A side rant about that.  In having to choose which games to play in the little time that I have, I've found that 'Full Movies' and 'Long Plays' are a great way to enjoy the story lines of the games I opt not to play.  I started doing something similar a while back, but in an episodic format, so when I wanted to get the story line to a game like Halo prior to the release of the next installment in the franchise, I could revisit the storyline in a condensed format.  Now that Full Movies and Long Plays are something many people are doing, it's giving me the choice to skip certain games and just watch the those later.  Loved the Deadpool, Injustice and Alone in the Dark this way.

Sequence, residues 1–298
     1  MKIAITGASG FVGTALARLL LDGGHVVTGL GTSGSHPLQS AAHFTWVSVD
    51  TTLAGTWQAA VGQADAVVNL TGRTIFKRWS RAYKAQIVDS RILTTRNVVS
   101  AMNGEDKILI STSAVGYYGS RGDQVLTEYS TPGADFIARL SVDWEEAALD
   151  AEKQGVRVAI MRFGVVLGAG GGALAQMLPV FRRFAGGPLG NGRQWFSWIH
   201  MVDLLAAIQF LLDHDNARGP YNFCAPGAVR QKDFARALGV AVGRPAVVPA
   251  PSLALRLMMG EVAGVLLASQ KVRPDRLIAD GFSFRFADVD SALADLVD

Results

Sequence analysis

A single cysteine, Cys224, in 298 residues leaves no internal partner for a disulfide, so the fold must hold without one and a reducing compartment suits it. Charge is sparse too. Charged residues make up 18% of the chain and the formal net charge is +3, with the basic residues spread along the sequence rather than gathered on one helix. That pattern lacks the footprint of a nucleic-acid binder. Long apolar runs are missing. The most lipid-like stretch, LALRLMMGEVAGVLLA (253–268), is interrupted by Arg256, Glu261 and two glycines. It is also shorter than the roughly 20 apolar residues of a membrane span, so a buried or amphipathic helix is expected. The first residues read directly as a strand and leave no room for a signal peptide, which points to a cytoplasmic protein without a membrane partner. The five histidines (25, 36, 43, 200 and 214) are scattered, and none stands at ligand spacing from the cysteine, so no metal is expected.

Back on topic.  I would go to work, and then go home and game. My whole life was spent behind a screen. And to be clear, I'm not knocking it at all. I love to game. I love that capitalism has freed us as humans to a point where we don't have to spend every hour of our waking lives to try to scratch out a living.  I love that we can work 40 hours a week doing something productive to society, and frankly that isn't that difficult because we can do it just sitting at a desk drinking coffee, and enjoy the remainder of our time.  

Certain things became apparent to me while doing so. First, it doesn't matter where I live because I'm always in some sort of climate control. Second, I was wasting a lot of money renting an apartment or owning a house. Money I could potentially be spending on gaming.  Gaming systems.  Higher definition TV.  Etc... Just generally improving and expanding my overall gaming experiences.